Aymes v. Bonelli, 980 F.2d 857 (1992) p.290
copyrightable material - work for hire (computer programs)
D hired P to create computer programs. Aymes was hired to create computer programs, Bonnelli fired Aymes. Aymes sued to get use of the computer programs. Computer programmer brought action for copyright infringement against corporation that operated chain of retail stores selling swimming pools and related supplies.
The United States District Court for the Southern District of New York, John S. Martin, Jr., J., dismissed complaint, and programmer appealed.
Whether the creation of the computer programs was a work for hire.
When deciding whether it is a work for hire under the factors, that is a question of law.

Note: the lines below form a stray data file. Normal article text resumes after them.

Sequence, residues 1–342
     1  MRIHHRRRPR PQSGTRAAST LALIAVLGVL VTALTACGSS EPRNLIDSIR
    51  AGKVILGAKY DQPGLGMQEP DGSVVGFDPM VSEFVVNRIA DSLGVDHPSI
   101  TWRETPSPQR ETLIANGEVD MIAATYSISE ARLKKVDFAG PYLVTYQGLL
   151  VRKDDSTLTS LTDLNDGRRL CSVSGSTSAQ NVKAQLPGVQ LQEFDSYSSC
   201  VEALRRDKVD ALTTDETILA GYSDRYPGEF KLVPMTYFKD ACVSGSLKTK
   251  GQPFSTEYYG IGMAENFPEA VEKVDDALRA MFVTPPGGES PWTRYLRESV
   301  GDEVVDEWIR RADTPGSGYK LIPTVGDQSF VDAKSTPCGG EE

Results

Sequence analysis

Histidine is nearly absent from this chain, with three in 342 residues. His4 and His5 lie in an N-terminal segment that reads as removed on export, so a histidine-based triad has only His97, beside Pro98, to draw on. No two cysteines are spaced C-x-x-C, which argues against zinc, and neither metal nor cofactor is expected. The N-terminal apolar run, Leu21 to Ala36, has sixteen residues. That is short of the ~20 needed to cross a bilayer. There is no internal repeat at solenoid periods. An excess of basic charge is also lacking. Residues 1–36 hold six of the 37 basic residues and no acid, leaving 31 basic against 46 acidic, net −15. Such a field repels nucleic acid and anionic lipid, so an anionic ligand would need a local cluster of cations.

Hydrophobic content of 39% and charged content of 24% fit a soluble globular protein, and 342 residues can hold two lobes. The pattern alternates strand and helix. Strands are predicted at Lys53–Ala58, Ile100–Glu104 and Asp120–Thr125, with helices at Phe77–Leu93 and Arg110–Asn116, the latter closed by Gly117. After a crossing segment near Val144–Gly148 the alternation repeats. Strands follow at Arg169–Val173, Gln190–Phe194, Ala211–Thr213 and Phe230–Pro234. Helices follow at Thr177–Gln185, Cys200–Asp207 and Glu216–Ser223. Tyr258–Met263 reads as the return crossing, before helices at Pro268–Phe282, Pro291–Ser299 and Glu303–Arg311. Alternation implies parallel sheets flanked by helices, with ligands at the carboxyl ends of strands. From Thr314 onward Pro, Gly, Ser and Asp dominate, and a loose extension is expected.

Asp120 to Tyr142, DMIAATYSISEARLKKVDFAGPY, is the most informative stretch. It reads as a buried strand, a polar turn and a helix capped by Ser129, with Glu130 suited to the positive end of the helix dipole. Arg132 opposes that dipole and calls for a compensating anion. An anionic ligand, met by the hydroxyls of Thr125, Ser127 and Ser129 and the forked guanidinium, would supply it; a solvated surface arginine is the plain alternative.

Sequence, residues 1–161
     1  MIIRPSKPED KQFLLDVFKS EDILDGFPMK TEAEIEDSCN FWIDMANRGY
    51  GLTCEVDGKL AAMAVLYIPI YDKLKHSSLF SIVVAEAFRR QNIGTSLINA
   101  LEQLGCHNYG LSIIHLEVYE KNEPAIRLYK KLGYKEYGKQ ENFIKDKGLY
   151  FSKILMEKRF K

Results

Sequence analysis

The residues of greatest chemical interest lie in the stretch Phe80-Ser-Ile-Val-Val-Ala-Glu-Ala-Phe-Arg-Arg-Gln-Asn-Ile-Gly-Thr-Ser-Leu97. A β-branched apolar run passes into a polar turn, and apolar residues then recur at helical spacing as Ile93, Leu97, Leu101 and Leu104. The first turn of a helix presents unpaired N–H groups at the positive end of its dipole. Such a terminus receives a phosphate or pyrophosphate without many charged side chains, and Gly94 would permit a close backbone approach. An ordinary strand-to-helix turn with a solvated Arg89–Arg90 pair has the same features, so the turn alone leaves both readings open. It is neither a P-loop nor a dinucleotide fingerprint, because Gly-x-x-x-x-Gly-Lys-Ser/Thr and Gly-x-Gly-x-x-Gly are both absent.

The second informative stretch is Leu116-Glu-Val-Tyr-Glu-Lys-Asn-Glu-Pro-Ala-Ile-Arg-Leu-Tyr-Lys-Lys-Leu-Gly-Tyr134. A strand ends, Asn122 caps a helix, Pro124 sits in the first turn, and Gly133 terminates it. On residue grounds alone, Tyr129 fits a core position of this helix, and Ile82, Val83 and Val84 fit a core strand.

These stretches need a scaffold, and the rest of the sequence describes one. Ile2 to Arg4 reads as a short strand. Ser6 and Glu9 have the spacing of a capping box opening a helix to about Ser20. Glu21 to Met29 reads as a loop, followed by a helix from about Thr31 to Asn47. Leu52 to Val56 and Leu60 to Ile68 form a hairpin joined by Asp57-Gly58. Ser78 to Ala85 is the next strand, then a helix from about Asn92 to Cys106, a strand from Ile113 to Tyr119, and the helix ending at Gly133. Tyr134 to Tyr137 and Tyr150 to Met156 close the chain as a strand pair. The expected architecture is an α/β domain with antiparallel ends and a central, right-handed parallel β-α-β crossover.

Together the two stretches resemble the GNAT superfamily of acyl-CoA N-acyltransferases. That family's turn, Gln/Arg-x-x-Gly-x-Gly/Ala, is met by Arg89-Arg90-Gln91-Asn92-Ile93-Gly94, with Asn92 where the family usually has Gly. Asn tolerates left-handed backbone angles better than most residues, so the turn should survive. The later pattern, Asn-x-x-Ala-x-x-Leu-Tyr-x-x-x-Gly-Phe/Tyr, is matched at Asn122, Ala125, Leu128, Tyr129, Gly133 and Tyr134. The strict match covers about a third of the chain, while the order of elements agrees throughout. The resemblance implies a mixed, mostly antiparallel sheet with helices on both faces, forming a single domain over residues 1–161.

The Court of Appeals, Altimari, Circuit Judge, held that program created by the programmer was not a work for hire under the Copyright Act, entitling programmer to ownership of the copyright as author of the program. Reversed and remanded.
Five factors which are relevant in all situations:
- the hiring party's right to control the manner and means of creation
- the skill required
- the provision of employee benefits
- the tax treatment of the hired party
- whether the hiring party has the right to assign additional projects to the hired party
These individual factors are questions of FACT. Applying the facotrs to determine whether or not it is a work for hire is a question of LAW.